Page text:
Sunday, 2 August 2015


“I put my heart and my soul into my work, and have lost my mind in the process.” - Vincent VanGogh

Vincent Willem van Gogh (30 March 1853 – 29 July 1890) was a Post-Impressionist painter. He was a Dutch artist whose work had a far-reaching influence on 20th-century art. His output includes portraits, self-portraits, landscapes and still lifes. His iconic renderings of cypresses, wheat fields, sunflowers and starry skies have made him a popular and well-known artist.

He drew as a child but did not paint until his late twenties; he completed many of his best-known works during the last two years of his life. In just over a decade, he produced more than 2,100 artworks, including 860 oil paintings and more than 1,300 watercolours, drawings, sketches and prints.

Van Gogh was born to upper middle class parents and spent his early adulthood working for a firm of art dealers. He travelled between The Hague, London and Paris, after which he taught in England at Isleworth and Ramsgate. He was deeply religious as a younger man and aspired to be a pastor. From 1879 he worked as a missionary in a mining region in Belgium, where he began to sketch people from the local community. In 1885 he painted “The Potato Eaters”, considered his first major work. His palette then consisted mainly of sombre earth tones and showed no sign of the vivid coloration that distinguished his later paintings.

In March 1886, he moved to Paris and discovered the French Impressionists. Later, he moved to the south of France and was influenced by the strong sunlight he found there. His paintings grew brighter in colour, and he developed the unique and highly recognisable style that became fully realised during his stay in Arles in 1888. After years of anxiety and frequent bouts of mental illness, he died aged 37 from a self-inflicted gunshot wound.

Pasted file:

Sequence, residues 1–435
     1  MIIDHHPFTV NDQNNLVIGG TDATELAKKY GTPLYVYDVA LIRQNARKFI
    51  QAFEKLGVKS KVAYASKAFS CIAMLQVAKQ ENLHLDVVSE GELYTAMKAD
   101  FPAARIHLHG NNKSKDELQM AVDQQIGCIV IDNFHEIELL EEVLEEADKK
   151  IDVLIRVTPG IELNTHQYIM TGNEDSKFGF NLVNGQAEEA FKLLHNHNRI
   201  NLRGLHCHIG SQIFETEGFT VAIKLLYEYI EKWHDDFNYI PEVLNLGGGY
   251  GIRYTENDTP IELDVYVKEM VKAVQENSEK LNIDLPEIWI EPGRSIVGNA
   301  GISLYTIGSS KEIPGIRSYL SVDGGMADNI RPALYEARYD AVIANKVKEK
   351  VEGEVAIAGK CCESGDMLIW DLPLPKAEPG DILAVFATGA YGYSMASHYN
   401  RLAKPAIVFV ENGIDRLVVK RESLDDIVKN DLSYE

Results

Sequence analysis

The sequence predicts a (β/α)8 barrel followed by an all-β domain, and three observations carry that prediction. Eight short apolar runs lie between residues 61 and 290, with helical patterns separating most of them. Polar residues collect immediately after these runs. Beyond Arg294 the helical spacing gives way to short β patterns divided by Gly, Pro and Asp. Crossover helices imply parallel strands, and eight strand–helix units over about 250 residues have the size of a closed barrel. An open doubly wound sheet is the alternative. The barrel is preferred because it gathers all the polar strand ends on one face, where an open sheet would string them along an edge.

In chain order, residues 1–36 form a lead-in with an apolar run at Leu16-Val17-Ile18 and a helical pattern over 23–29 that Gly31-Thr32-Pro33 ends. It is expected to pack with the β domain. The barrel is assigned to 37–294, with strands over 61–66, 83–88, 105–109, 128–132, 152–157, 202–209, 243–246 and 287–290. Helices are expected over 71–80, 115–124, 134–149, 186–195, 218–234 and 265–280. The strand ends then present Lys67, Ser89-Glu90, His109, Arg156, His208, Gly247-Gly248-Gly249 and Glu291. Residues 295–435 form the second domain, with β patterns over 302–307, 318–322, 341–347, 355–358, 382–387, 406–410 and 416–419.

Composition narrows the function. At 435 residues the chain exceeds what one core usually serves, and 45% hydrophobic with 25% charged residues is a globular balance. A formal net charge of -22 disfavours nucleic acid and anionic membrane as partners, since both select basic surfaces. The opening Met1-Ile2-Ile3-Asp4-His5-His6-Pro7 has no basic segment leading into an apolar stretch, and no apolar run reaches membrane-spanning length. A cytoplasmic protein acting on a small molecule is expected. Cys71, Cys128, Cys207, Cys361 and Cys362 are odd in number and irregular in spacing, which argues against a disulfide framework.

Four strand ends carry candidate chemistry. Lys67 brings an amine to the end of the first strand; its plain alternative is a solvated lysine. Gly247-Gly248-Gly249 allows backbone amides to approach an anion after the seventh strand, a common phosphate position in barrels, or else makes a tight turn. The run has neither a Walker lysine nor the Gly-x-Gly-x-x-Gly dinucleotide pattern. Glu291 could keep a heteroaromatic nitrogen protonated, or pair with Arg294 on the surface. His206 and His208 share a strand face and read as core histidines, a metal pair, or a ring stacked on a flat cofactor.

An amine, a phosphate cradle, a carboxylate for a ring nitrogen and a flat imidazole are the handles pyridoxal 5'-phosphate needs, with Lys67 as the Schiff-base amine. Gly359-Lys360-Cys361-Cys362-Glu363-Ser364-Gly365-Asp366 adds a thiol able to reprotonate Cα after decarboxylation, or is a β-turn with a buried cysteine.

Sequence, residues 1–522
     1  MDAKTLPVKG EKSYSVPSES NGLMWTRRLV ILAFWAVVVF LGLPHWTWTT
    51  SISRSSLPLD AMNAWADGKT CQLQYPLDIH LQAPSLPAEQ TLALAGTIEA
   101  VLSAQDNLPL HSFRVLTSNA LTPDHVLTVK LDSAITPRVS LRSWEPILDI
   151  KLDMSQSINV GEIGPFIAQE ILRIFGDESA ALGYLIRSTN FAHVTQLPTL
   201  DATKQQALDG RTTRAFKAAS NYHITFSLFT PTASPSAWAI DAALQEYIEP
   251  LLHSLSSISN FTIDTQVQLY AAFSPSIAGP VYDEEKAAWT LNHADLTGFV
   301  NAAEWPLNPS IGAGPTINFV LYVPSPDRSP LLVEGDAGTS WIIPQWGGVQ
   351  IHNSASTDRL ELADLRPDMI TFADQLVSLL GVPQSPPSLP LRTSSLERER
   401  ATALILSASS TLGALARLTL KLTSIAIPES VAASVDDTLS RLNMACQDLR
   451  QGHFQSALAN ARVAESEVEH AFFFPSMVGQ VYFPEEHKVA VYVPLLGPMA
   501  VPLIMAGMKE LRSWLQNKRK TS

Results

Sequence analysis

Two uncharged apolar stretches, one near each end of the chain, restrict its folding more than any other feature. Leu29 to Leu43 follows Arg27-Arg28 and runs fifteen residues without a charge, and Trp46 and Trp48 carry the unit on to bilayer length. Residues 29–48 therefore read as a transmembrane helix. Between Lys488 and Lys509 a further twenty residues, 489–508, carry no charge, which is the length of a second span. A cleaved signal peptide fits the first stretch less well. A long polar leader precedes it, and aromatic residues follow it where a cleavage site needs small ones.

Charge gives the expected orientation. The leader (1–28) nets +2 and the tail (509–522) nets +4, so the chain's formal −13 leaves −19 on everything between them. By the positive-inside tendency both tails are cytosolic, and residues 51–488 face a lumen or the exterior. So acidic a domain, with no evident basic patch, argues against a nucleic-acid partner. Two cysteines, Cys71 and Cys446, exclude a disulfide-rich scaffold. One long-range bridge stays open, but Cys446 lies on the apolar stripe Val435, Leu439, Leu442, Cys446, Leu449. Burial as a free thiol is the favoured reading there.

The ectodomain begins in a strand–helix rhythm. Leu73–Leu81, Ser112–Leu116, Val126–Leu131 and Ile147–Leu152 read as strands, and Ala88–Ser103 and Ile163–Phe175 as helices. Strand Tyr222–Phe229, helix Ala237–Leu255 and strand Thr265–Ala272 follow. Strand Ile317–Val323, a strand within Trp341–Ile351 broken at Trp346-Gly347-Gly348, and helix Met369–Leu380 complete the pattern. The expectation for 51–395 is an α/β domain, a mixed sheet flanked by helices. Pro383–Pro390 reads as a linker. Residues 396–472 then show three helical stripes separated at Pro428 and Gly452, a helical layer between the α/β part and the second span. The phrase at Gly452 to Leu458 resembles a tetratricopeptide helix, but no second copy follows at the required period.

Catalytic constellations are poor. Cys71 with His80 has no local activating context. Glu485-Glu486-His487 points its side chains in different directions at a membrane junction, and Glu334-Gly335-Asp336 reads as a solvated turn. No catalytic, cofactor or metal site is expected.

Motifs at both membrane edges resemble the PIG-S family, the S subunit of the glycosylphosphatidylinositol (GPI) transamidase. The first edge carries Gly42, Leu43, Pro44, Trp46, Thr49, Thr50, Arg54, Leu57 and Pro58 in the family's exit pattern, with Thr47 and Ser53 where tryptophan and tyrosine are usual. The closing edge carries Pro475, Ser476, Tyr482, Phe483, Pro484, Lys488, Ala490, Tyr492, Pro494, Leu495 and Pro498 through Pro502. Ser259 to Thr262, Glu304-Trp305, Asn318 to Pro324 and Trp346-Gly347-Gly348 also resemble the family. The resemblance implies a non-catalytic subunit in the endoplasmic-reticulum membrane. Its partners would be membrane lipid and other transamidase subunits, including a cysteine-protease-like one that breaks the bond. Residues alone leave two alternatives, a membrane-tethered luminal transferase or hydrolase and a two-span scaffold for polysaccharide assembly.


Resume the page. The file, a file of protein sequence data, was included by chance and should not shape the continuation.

The extent to which his mental health affected his painting has been widely debated by art historians. Despite a widespread tendency to romanticise his ill health, modern critics see an artist deeply frustrated by the inactivity and incoherence wrought through illness. His late paintings show an artist at the height of his abilities, completely in control, and according to art critic Robert Hughes, “longing for concision and grace”.

“The Starry Night”, above, painted in Saint Rémy, in June 1889 (oil on canvas, 73.7 x 92.1 cm and exhibited in the Museum of Modern Art, New York) is one of Van Gogh’s most well-known paintings. The artist reveals this about the painting: “This morning I saw the country from my window a long time before sunrise, with nothing but the morning star, which looked very big.” Van Gogh wrote this to his brother Theo, from France, and it is these many letters to his brother that tells us much about his art and the artist.

Rooted in imagination and memory, “The Starry Night” embodies an inner, subjective expression of van Gogh's response to nature. In thick, sweeping brushstrokes, a flame-like cypress unites the churning sky and the quiet village below. The village was partly invented, and the church spire evokes van Gogh’s native land, the Netherlands.

Here is Don McLean singing his beautiful “Vincent” – a fitting tribute, on the 125th anniversary of van Gogh’s death:


  1. The extent to which his mental health affected his painting HAS been widely debated by art historians, or indeed if it was mental ill health in the normal sense. My feeling was that he was socially very inept, couldn't look at people in the eyes and didn't know what to say to women. He would never marry, never have children, couldn't hold down a stable job or do all the things that he may have longed for. So of course the artist was deeply frustrated by the mess his life became.

    There was a story of van Gogh viewing a pretty young woman on a tram, following her home and asking her father for the daughter's hand in marriage. The father of course said "Sod off and never return. Otherwise I call the police immediately". van Gogh clearly had no idea what normal courting rituals involved :(

  2. It is a tragedy and ended tragic! But then those who led normal lives during his time respected and successful were not remembered like him. Not his woes but the beauty of his talents that outshone others. Those distressed apparently went the extra mile in most dealings. Very informative take Nicholas!


  3. My favourite artist... He lived such a tortured life and his art was not acknowledged as great until after his death.